Stage Diving To The Oldies – Review

Stage Diving To The Oldies

by Chris Adams

This may be Boston, not L.A., but that doesn’t mean L.A. punk rock didn’t leave its indelible mark on our little city. Just across the street from my studio, the brick walls adjacent to the Channel are scrawled with the legends of notorious L.A. hardcore groups like Fear, the Circle Jerks, and T.S.O.L. While these days, the Channel is little more than a dilapidated, neglected old hulk, every time I walk by, I recall the all-ages Sunday hardcore shows with pleasure.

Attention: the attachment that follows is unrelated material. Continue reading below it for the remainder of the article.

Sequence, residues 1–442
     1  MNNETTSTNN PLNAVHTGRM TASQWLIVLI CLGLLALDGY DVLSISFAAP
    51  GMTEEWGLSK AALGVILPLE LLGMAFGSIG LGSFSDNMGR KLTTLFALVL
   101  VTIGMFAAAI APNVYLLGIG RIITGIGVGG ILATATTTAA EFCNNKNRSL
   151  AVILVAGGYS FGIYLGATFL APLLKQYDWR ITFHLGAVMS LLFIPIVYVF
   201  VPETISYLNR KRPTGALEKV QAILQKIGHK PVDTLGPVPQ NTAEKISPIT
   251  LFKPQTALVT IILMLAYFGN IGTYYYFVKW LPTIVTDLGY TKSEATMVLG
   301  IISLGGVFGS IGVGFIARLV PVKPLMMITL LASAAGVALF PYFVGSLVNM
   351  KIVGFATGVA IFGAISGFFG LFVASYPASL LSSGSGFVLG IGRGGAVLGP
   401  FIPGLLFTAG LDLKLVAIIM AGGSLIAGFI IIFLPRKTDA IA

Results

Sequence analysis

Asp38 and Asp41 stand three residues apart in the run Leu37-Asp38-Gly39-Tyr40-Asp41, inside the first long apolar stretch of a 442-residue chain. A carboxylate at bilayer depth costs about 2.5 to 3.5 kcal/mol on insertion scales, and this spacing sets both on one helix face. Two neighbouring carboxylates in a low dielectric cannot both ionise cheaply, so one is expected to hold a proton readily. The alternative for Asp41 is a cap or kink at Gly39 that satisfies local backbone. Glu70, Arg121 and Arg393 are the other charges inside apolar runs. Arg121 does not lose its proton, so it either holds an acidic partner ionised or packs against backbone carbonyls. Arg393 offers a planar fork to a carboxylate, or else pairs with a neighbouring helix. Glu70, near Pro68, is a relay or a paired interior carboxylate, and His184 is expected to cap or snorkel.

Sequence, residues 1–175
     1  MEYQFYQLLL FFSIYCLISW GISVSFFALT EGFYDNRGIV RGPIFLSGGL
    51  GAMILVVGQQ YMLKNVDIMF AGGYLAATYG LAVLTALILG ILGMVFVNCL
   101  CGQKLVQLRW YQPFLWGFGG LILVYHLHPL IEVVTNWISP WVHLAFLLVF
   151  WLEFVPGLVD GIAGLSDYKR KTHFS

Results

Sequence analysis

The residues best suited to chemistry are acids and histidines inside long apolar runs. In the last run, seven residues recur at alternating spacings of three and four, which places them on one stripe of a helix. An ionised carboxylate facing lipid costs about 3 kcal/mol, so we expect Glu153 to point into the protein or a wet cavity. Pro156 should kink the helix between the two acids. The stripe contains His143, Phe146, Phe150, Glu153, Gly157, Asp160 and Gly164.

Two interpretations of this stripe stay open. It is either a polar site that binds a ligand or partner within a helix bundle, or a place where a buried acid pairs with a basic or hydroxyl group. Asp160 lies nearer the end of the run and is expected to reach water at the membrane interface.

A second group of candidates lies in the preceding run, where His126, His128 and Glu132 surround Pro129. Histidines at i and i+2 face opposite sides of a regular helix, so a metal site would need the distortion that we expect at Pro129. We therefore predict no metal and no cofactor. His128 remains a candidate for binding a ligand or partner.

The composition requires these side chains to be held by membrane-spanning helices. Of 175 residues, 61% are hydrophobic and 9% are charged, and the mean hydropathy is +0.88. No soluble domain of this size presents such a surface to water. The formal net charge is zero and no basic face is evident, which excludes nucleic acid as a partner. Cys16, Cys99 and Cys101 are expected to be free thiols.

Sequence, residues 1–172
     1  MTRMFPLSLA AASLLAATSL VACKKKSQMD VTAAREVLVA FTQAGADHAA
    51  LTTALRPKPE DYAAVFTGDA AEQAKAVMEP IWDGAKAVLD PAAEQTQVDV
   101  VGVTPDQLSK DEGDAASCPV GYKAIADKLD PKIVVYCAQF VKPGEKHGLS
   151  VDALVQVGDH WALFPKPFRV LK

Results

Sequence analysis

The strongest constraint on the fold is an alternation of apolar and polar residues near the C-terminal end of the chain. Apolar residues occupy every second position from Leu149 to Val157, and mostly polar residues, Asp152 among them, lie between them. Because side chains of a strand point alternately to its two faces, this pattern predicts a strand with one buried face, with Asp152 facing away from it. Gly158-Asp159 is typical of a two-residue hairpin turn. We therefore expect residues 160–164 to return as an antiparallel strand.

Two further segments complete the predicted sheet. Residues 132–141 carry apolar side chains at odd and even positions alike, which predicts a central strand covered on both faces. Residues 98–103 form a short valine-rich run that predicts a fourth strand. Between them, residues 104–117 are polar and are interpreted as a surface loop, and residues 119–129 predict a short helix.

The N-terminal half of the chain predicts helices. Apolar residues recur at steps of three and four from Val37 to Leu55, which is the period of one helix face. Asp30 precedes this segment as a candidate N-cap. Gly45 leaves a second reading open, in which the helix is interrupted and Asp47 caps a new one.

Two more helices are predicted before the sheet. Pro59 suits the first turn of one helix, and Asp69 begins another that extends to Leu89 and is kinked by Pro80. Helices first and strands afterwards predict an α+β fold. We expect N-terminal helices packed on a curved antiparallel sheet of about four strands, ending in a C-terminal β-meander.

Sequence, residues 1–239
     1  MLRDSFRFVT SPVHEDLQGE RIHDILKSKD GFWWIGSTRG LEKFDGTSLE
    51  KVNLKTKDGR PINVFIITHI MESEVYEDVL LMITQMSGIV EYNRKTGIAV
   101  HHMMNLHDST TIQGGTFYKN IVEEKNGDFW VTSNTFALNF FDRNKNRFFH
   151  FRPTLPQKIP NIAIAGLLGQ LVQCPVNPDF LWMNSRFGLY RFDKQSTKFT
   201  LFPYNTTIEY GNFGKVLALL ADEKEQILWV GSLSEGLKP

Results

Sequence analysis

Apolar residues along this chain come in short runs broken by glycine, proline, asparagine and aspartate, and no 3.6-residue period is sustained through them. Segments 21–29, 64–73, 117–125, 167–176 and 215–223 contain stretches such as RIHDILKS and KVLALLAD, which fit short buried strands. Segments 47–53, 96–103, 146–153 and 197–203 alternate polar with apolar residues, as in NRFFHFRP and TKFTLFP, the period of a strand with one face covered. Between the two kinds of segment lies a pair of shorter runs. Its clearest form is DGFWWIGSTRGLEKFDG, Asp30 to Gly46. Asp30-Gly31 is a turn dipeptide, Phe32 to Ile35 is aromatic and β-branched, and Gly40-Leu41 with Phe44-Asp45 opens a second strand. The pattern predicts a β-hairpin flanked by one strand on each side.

Stage Diving to the Oldies (Restless) is intended to conjure up such wistful memories in aging punks. All things considered, it does a pretty good job. Drawing from the best of the So. Cal. punk scene, the album burns with the energy, anger, and D.I.Y. ethic that defined that long-gone era. Sure, all the tunes are limited to three chords, but they’re three really good chords. Lyrically, most of the songs deal with the standard punk themes of alienation and boredom, with a modicum of politics thrown in for good measure, most notably on T.S.O.L.‘s “Abolish Government/Silent Authority.” Surprisingly enough, several of the songs are really poppy – the Vandals‘ “Mohawk Town” recalls Wall of Voodoo more than anything else. Other bands featured include The Weirdos, Agent Orange, The Adolescents, and the Circle Jerks. Best cuts: Wasted Youth‘s “Fuck Authority” and Fear‘s “I Love Living in the City.”